Dates of Program: June 2004 through December 2010
Field of Work: Tobacco control policies
Problem Synopsis: Policy change is a powerful strategy for reducing tobacco's harm. Yet, tobacco-control policies have been slow to reach groups that suffer disproportionately from tobacco-related diseases, including low-income people; communities of color; tribal nations; and members of the lesbian, gay, bisexual, and transgender (LGBT) community.
RWJF created Tobacco Policy Change to develop new partnerships with organizations experienced in advocacy, policy research, communications and community building to engage grassroots efforts in these communities.
Synopsis of the Work: From 2004 through 2010, Tobacco Policy Change supported organizations in 33 states to create diverse broad-based community coalitions to address a tobacco policy that research had shown decreased use; protected nonsmokers from secondhand smoke; helped smokers quit; or sustained tobacco control at the local, regional, and national level.
Through the funding and technical assistance of Tobacco Policy Change, many grassroots organizations for the first time became key players in tobacco-control advocacy.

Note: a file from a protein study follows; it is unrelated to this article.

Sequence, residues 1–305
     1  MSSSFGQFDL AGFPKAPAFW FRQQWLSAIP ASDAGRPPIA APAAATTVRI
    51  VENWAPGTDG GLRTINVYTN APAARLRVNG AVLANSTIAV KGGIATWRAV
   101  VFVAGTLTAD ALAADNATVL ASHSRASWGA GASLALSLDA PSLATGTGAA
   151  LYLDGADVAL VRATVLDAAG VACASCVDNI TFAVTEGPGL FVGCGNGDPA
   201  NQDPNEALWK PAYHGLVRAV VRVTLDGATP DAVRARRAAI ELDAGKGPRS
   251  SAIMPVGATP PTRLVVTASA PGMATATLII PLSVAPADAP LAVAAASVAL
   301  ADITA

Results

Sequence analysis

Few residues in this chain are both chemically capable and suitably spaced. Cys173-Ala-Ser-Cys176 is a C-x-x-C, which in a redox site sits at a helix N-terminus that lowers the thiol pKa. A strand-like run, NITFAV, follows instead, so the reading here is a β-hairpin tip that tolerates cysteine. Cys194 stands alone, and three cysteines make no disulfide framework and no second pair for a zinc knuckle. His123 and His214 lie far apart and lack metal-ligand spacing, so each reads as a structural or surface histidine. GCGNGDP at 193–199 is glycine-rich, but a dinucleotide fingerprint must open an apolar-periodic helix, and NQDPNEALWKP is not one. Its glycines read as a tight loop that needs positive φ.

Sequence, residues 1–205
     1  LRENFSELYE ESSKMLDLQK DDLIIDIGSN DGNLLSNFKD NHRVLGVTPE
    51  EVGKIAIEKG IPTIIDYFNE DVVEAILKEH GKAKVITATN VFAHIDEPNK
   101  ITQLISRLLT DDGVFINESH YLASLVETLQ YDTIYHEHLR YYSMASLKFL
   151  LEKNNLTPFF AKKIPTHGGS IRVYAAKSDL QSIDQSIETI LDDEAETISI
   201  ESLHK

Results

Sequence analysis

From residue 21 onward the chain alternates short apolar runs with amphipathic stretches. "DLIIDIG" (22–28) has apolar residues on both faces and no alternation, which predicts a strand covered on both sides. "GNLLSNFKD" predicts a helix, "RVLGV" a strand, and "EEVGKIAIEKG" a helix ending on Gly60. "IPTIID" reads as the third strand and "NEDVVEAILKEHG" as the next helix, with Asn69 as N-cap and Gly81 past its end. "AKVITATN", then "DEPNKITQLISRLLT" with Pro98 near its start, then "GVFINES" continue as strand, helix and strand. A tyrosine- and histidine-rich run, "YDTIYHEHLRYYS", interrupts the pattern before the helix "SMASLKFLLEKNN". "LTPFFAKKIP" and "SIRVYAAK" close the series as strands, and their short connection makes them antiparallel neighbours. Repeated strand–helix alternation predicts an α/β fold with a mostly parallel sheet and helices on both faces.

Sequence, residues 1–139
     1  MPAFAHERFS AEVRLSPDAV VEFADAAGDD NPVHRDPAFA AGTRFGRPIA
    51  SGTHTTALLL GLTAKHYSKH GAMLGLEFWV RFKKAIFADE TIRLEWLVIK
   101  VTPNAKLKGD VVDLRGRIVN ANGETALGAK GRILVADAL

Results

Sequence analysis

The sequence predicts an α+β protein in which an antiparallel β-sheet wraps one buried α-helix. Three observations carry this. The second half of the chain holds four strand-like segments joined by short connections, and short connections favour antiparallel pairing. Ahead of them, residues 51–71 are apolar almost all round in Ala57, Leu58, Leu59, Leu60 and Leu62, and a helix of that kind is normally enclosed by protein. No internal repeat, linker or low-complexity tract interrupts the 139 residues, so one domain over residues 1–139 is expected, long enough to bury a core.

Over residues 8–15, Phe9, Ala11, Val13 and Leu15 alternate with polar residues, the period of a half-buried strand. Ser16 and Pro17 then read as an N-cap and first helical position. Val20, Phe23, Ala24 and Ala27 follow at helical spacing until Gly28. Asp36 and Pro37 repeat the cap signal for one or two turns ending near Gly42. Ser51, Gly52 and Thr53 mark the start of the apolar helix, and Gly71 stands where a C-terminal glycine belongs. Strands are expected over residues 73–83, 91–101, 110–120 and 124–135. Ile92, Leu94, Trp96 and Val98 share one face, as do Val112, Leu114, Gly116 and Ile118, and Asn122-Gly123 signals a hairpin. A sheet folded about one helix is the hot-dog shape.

Many of the policy campaigns in which grantees participated won policy victories.
- Some 18 states and communities passed comprehensive smoke-free-air laws during the course of, or just after, coalition campaigns.
- Ohio, Kentucky, North Carolina, and Vermont passed significant tobacco tax increases
- Alaska, Kentucky, and Massachusetts passed laws to provide Medicaid coverage for cessation services. California and Oregon launched significant efforts advocating for Medicaid policy changes.
Grantee organizations transferred the skills and abilities of tobacco policy advocacy to address other critical public health needs, including childhood obesity, access to health care, outdoor air pollution, radon exposure, intimate partner violence, and workforce wellness.